Pre exercise meals and snacks:

  • Meal

-one hour to ninety minutes before exercise

-include a healthy carbohydrate, protein and fat such as a grain, fruit, milk, yogurt, eggs, meat, nut butter, veggies

  • Snacks

-thirty to sixty minutes before exercise

-include a healthy carbohydrate plus protein, such as fruit, yogurt, nuts, nut butter, milk, cheese

Post exercise meals and snacks:

  • Meal

-a protein, healthy carbohydrate and fat such as meat, nuts, cheese, fruit, grain, avocado

  • Snack

-healthy carbohydrate and protein such as fruit, nuts, cheese, milk, yogurt

  • WATER!

If you have questions or would like to schedule an appointment to discuss your athletes specific needs, just give Kristin Burgess a call at 303-770-2582 x382.

Cross Training: Better Results, Fewer Injuries

Perhaps you’ve found yourself dedicated to a certain sport, class or treadmill. That dedication is reflected in the fact that bike number 33 is yours, that second treadmill in the upper cardiovascular area facing out has your name on it or that floor space in Jade or Studio 1 is clearly your real estate. That kind of dedication can bring great success, forge strong friendships and open doors of opportunity. But if that dedication hasn’t addressed cross training, it may have left you struggling with overuse injuries or looking to try something new. Fall is the perfect time to give your fitness regimen a tune up and consider the benefits of cross training.

By incorporating a nice variety of cardio, strength and flexibility, you can balance your workouts in a way that will increase your performance and overall fitness without repeatedly stressing the same muscles and putting yourself at risk for injury. This variety will also help you to be more functionally fit and able to complete daily tasks with greater ease.

To get the most out of any activity, and to do it safely, it’s important to consider all of the muscles involved, not just the ones directly related to that activity. That’s where cross training comes in.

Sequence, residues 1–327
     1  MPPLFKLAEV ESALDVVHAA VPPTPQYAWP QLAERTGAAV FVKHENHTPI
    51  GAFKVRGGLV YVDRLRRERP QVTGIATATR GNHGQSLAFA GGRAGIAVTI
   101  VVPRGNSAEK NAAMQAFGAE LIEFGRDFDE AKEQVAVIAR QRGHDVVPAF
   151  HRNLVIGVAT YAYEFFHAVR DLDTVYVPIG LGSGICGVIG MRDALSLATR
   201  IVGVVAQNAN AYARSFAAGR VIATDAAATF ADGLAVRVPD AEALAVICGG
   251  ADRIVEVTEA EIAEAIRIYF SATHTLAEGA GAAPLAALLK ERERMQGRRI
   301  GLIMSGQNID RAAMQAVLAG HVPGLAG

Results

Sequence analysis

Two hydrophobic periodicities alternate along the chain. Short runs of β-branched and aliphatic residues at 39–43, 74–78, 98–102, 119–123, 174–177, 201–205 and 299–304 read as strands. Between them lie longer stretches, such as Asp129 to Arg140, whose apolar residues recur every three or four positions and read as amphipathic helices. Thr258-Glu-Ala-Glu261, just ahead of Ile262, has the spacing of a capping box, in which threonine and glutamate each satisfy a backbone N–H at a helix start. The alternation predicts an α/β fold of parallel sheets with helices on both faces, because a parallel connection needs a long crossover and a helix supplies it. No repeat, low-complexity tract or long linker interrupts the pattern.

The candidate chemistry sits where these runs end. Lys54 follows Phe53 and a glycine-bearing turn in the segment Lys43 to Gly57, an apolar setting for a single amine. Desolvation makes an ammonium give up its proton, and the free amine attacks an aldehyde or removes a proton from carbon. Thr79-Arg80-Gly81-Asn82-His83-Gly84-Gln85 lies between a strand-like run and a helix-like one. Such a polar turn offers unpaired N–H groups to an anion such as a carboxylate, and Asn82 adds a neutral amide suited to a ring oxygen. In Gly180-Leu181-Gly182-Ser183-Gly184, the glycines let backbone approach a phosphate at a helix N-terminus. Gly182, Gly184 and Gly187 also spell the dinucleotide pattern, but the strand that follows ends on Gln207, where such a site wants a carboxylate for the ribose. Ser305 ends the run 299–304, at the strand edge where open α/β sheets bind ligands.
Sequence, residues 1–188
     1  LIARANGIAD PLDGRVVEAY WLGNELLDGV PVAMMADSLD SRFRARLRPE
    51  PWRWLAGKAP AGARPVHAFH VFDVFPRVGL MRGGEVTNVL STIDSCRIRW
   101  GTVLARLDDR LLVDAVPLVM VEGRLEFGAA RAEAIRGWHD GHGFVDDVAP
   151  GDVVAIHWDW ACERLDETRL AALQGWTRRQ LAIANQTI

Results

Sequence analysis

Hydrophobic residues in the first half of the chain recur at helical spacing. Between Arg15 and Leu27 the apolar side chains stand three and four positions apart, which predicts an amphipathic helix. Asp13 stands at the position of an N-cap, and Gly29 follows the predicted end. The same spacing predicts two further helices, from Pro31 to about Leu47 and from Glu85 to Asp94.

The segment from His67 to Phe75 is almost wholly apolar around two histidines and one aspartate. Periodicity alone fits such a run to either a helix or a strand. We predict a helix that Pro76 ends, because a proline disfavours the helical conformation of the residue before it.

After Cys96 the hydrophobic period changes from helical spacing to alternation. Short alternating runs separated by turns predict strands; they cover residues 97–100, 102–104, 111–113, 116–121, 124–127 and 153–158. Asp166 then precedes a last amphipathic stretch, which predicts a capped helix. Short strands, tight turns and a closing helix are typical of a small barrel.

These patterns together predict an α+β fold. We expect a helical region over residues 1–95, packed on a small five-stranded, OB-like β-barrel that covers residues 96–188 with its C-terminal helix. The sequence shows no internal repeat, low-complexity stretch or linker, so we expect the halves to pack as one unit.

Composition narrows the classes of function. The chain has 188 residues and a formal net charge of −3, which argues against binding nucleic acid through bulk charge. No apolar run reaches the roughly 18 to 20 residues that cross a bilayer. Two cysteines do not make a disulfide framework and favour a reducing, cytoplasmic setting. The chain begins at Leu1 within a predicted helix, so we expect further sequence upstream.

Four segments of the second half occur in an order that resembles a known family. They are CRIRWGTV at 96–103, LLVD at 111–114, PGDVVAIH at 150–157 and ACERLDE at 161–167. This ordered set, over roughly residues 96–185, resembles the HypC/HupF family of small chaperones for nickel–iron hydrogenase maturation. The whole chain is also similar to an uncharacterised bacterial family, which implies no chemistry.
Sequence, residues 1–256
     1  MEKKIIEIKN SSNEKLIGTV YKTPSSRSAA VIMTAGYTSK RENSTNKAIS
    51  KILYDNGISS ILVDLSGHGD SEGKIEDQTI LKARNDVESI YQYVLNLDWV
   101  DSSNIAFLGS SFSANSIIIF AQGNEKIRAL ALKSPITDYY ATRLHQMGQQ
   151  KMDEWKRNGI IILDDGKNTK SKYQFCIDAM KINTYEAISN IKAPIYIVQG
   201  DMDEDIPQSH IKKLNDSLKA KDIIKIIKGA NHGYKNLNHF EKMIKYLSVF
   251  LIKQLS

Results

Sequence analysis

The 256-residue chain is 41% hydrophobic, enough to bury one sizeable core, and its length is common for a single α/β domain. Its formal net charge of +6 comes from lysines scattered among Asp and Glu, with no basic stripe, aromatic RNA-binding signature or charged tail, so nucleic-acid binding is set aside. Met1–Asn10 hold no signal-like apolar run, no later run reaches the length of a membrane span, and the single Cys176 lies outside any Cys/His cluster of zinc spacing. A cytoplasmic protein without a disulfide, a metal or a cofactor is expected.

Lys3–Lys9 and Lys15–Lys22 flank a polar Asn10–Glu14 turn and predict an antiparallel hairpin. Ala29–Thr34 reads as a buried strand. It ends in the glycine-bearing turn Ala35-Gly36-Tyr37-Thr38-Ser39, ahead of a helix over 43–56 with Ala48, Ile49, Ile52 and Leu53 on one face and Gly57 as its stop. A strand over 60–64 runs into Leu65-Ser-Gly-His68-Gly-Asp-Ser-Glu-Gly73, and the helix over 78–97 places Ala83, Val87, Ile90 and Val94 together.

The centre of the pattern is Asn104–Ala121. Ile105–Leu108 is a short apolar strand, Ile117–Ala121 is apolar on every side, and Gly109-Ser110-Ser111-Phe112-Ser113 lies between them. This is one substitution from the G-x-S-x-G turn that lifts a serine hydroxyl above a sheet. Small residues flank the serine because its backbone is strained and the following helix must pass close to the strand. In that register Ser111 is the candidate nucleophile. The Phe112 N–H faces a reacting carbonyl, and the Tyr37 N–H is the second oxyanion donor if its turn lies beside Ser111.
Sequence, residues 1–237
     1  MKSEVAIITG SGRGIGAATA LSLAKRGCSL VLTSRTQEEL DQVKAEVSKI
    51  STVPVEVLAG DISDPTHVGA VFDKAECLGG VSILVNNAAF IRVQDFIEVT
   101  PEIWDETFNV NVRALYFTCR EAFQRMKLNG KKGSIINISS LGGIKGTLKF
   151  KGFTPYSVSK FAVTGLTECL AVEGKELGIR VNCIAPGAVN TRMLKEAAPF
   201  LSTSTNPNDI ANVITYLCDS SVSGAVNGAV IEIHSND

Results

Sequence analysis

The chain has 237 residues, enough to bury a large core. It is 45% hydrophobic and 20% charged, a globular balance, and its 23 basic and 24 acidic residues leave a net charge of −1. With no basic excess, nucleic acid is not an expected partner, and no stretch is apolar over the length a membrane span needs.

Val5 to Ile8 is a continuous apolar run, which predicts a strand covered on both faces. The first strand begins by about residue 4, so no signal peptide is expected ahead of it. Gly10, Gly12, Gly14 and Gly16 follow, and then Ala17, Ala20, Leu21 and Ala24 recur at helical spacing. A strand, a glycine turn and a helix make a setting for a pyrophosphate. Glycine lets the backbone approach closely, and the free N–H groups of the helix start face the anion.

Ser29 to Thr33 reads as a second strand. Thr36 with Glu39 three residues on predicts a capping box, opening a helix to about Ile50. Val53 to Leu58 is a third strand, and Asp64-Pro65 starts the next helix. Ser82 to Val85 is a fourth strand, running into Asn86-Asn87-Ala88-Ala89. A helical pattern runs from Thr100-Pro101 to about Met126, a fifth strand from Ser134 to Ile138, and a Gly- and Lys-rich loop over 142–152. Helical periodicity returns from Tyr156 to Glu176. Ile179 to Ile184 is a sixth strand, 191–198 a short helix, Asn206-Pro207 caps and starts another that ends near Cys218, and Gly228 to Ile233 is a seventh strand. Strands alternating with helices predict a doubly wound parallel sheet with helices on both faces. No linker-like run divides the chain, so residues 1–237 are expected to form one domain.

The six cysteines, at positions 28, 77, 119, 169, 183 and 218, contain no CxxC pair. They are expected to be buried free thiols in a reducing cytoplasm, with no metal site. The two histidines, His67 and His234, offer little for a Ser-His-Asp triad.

For a single-sport athlete, cross training can mean anything outside the athlete’s primary sport, while for the fitness enthusiast, it means using many different activities to ensure total fitness. For some, it simply means living a varied and physically active life.

So where’s the best place to start?

1. Consider your favorite activities, what components are necessary to do them and which ones might be missing from your current fitness regimen.

2. Consider challenges you may have planned in the next three months and what changes in your workouts might help you better achieve them.

3. Look at ways to re-energize your workouts by trying something new.

4. Review the 130+ classes offered each week on our complimentary Group Fitness schedule and find the classes that address what you’re missing.

  • For strength, try BODYPUMP, CXWORX or Power Hour
  • For intense cardio blocks with some strength, consider HIIT, INSANITY, BODYSTEP, BODYCOMBAT or Breakfast Club
  • For other cardio options, try one of our indoor cycling classes, ZUMBA, CVI or Hi NRG Cardio
  • For flexibility with some strength, consider one of our Vinyasa classes or willPower and grade
  • For more flexibility with balance, try Thermal, Vin/Yin, Restorative or Kundalini Yoga.

5. Decide which classes will best complement your overall fitness objectives.

6. Make an appointment with yourself to attend those classes.

7. Share your goals, successes and struggles with your instructor. They can help you navigate through this process and provide accountability.

By adding variety and balance to your training you will set yourself up for better results and fewer injuries. And, not to worry, that studio space or bike you claimed can remain yours throughout your happy, healthy life!

Andrea Morris, Director of Group Fitness at Greenwood Athletic Club